Mama Sass

Mama SassMama Sass is an incognito working mother of two who lives in Miami and writes about moms in pop culture. She hides her identity to spare her daughters (and mother-in-law) the embarrassment.

Siblings worth celebrating

 
 

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Much is starting to be written about the sibling psychology of Tamerlan and Dzhokhar Tsarnaev, the brothers suspected in the Boston bombings.

We are strangely fascinated and fearful at the prospect of criminal siblings.

Jessie & Frank James.

Lyle and Erik Menendez.

The Jonas Brothers.

OK, I threw that last one in to make you smile. Can you do that yet?

In the past week, I haven't felt right about doing anything other than devouring a morbid amount of information about The Brothers Tsarnaev.

In one of the many stories about the brothers was this odd fact about another national tragedy: Six of the 19 hijackers who took part in the Sept. 11 attacks were brothers, each of the sibling teams working together.

It seems simplistic, but a growing body of research has found that siblings can feed off of each other's destructive behavior. Brothers and sisters can be a major influence on our lives, even more so than our parents. 

A girl whose older sister is a teen mom is six times more likely to become one, too. Alcohol consumption is twice as likely among kids with at least one sibling who already drinks; for smoking, the risk increases fourfold.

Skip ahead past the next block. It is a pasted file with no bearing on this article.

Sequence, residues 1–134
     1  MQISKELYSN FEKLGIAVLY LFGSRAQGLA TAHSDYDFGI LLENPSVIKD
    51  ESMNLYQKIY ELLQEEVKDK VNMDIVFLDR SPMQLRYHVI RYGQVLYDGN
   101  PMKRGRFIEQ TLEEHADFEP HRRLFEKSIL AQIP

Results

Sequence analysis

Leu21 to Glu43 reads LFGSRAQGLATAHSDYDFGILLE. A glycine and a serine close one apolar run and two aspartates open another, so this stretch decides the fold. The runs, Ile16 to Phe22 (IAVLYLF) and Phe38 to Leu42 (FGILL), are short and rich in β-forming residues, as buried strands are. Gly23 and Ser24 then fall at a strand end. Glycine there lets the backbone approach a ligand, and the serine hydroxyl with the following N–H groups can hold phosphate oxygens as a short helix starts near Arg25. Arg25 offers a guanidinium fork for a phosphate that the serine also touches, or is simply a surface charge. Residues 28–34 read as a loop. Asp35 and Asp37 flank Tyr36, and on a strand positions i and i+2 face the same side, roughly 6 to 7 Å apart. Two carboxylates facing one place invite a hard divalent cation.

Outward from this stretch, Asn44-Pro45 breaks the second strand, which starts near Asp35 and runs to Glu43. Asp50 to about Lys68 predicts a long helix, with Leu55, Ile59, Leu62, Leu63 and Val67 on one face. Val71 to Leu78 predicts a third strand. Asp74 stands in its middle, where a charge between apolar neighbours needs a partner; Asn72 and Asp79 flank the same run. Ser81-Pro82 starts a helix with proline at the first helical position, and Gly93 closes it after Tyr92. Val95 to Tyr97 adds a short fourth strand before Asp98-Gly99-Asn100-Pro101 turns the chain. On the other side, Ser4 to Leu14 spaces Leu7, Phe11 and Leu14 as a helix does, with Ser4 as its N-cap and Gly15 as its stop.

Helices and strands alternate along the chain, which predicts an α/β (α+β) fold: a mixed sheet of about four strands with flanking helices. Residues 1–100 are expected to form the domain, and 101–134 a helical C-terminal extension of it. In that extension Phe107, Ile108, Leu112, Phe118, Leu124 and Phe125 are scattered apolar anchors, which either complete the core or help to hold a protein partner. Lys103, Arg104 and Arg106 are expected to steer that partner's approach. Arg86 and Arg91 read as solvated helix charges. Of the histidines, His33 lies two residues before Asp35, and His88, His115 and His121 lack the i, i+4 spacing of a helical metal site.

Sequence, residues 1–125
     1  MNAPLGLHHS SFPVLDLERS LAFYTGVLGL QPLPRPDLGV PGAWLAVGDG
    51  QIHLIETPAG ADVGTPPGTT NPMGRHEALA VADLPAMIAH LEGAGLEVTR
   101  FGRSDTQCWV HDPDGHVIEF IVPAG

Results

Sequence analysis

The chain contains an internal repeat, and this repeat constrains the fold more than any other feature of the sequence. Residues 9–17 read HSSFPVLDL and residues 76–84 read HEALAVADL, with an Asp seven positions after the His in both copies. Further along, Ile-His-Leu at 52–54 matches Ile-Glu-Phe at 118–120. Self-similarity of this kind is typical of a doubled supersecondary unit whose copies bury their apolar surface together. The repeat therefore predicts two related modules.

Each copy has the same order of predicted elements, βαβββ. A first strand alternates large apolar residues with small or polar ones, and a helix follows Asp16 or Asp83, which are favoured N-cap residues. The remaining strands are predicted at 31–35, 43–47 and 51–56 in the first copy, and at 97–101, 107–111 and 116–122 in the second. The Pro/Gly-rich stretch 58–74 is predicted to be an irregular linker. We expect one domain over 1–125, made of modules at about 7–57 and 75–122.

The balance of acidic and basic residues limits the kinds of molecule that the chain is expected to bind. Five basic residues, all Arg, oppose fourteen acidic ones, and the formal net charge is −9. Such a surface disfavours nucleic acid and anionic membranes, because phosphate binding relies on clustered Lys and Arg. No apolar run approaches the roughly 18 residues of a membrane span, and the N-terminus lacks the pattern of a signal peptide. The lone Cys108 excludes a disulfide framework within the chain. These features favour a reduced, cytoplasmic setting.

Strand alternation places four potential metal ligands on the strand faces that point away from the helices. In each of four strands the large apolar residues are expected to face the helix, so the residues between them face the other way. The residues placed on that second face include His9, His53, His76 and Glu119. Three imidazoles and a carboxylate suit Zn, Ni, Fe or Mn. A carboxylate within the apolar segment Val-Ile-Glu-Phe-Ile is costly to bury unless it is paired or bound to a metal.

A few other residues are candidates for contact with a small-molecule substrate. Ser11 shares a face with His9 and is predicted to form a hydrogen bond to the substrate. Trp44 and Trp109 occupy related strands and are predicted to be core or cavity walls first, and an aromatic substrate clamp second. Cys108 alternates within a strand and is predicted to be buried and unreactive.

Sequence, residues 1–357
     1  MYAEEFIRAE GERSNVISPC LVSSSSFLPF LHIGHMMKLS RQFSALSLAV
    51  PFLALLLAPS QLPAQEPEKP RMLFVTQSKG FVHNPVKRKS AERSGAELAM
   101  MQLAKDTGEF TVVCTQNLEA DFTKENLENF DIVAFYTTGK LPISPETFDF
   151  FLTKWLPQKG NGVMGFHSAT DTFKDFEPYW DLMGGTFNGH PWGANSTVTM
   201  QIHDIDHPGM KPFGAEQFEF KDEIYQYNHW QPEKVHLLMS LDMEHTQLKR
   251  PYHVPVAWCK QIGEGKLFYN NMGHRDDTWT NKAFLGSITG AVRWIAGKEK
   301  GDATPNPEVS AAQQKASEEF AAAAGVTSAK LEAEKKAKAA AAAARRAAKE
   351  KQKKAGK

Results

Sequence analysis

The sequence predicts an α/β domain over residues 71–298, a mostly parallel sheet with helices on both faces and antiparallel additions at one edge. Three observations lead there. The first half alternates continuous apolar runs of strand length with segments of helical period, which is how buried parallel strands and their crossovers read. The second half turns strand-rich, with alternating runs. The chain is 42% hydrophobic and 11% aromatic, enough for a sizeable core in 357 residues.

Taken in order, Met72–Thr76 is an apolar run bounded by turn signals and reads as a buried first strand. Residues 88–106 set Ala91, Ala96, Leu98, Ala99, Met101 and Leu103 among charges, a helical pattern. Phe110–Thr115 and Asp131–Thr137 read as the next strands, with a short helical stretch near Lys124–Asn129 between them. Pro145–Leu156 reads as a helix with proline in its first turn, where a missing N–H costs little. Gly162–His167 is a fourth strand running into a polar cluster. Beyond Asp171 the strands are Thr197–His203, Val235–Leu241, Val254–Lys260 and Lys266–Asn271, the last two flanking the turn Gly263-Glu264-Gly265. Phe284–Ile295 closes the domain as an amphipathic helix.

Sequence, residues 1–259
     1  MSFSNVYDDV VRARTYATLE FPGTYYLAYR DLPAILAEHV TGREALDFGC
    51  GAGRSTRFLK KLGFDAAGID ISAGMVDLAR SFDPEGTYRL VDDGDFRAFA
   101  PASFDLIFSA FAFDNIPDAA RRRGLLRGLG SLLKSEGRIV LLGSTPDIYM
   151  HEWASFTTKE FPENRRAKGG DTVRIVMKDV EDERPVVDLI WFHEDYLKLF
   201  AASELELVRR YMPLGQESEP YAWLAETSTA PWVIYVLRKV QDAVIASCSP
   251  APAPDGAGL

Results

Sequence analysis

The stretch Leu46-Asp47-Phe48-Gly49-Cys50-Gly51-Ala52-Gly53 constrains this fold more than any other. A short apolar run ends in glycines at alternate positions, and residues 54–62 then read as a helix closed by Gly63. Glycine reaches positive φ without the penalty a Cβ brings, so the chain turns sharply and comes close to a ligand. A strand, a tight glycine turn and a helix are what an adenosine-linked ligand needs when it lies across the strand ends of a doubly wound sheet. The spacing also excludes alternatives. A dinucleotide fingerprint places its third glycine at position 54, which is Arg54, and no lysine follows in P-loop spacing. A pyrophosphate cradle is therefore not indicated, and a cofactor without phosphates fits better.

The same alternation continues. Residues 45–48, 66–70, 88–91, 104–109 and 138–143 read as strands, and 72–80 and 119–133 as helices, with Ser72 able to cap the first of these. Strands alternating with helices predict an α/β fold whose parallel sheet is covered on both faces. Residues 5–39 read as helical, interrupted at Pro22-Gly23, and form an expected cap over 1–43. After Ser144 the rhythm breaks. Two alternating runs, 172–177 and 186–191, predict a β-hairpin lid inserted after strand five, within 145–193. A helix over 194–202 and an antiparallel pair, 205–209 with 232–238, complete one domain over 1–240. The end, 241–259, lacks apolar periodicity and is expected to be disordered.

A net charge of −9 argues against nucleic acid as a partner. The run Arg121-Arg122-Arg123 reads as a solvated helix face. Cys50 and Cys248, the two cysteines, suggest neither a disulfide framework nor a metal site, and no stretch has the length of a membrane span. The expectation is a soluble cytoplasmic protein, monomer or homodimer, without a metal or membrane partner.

Of course, it seems reasonable to assume that the opposite can happen and our siblings can be a wildly positive influence on us.

The sibling relationship is the longest relationship that most people have in their lifetimes. Approximately 80 percent of Americans have at least one brother or sister.

So we know sibling bonding isn't always a bad thing.

In defense of siblings who have done powerful good in this world, here's the beginning of my list of brothers and sisters who were positive influences on each other -- and us.

 

 

 

  • Orville & Wilbur Wright: Thanks to them, we can fly.
  • Sarah &Angelina Grimké: Daughters of a rich plantation owner, they became early activists in the women's rights and anti-slavery movements.
  • JFK & RFK: The powerful political duo is embedded in American history and the civil rights movement.
  • The Ringling Brothers: Five of them liked to have great fun.
  • The Bronte Sisters: Charlotte, Emily and Anne brought us imagination, literature and, of course, Lord Byron.
  • The Brothers Grimm: Wilhelm and Jacob gave us fairy tales.
  • George & Ira Gershwin: They wrote the soundtrack to the Jazz Age.
  • The Marx Brothers: Groucho, Chico, Harpo and Zeppo made us laugh.
  • Venus & Serena Williams: Two of the world's best tennis players -- and role models.

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